Culture of Islamabad
Islamabad is home to many migrants from other regions of Pakistan and has a cultural and religious diversity of considerable antiquity. Due to its location on the Pothohar Plateau, remnants of ancient cultures and civilisations such as Aryan, Soanian, and Indus Valley civilisation can still be found in the region. A 15th-century Gakhar fort, Pharwala Fort, which was built on the remains of a 10th-century Hindu fort, is located near Islamabad. Rawat Fort in the region was built by the Gakhars in 16th century and contains the grave of the Gakhar chief, Sultan Sarang Khan. Saidpur village in Islamabad is supposedly named after Said Khan, the son of Sultan Sarang Khan. The 500-year-old village was converted into the a place of Hindu worship by a Mughal commander, Raja Man Singh. He constructed a number of small ponds: Rama kunda, Sita kunda, Lakshaman kunda, and Hanuman kunda.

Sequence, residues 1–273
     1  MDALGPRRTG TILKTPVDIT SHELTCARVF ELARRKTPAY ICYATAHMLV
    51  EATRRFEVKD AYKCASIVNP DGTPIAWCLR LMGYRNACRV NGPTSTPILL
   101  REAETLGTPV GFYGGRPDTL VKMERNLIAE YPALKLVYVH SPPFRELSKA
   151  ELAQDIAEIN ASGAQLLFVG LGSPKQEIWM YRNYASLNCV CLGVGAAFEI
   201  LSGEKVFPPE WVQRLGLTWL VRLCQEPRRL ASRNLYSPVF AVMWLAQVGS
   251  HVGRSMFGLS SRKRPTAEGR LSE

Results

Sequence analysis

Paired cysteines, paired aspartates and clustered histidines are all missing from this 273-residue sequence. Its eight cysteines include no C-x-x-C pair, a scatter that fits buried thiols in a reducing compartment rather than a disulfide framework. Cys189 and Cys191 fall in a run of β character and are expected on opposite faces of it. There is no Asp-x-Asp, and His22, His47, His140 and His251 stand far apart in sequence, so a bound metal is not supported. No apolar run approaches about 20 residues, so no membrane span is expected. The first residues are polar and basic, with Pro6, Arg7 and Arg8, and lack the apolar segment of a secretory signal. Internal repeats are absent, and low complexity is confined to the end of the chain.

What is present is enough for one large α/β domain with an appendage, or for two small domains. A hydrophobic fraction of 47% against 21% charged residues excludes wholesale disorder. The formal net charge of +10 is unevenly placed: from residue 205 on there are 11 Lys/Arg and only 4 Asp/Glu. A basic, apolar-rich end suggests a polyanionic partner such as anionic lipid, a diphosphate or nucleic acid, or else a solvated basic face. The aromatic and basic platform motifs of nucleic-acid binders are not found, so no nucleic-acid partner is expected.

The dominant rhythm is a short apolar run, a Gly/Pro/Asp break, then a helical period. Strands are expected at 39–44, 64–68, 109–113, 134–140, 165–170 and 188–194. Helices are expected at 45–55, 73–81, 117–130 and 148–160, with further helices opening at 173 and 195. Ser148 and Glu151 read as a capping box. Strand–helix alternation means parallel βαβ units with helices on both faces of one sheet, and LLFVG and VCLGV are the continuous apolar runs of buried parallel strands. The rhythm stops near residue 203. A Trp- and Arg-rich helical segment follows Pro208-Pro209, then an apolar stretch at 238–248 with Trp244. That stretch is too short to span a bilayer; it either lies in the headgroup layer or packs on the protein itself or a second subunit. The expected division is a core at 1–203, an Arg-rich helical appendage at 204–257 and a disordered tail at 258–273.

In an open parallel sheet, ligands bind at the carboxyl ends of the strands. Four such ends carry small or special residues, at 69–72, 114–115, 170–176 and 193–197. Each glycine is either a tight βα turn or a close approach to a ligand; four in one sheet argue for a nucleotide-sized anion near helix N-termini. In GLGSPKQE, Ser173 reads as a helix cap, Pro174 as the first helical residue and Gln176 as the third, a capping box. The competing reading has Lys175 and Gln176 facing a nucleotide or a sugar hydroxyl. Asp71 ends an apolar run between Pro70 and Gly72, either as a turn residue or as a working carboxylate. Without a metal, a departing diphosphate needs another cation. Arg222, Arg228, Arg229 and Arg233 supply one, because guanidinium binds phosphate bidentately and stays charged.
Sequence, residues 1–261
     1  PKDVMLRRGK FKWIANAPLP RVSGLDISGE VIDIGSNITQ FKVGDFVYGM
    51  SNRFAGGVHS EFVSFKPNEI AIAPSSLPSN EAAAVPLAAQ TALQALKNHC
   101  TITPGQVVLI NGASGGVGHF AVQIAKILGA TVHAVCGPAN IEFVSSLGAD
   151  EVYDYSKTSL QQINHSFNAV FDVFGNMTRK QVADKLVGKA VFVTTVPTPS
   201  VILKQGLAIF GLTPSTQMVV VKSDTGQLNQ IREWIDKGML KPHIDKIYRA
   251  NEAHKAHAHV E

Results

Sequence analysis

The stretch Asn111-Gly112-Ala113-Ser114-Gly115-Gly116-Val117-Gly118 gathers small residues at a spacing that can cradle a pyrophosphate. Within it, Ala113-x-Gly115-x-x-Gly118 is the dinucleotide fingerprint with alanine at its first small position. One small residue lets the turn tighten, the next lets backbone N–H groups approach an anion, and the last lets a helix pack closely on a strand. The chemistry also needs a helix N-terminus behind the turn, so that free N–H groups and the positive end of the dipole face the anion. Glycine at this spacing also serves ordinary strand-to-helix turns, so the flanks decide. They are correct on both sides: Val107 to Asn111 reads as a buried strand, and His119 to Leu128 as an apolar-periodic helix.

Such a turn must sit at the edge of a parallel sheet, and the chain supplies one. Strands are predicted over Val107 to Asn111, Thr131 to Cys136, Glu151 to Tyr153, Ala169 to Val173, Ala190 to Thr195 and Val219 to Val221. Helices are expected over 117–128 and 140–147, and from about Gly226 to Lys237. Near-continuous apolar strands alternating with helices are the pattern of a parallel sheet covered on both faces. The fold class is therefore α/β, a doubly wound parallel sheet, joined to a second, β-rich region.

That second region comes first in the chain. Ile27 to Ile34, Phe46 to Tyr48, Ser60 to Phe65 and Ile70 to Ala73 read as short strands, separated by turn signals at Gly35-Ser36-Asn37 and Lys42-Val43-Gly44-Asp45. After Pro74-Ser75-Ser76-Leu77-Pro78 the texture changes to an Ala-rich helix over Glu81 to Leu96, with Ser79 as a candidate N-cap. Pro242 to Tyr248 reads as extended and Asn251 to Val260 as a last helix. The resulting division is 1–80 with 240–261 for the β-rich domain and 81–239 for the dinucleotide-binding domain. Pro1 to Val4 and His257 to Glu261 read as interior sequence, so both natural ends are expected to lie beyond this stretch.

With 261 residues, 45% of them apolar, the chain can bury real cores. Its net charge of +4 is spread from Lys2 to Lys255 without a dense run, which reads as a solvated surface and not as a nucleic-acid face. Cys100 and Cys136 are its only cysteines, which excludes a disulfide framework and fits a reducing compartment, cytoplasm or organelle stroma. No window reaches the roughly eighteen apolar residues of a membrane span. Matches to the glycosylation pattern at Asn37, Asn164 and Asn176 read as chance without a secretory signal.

The region is home to many Hindu temples that are preserved, showing the history of Hindu civilisation and architecture in the region.. The shrine of Sufi mystic Pir Meher Ali Shah is located at Golra Sharif, which has a rich cultural heritage of the pre-Islamic period. Archaeological remains of the Buddhist era can also still be found in the region. The shrine of Bari Imam was built by Mughal Emperor Aurangzeb. Thousands of devotees from across Pakistan attend the annual Urs of Bari Imam. The event is one of the largest religious gatherings in Islamabad. In 2004, the Urs was attended by more than 1.2 million people. The Lok Virsa Museum in Islamabad preserves a wide variety of expressions of folk and traditional cultural legacy of Pakistan. It is located near the Shakarparian hills and boasts a large display of embroidered costumes, jewellery, musical instruments, woodwork, utensils and folkloristic objects from the region and other parts of Pakistan.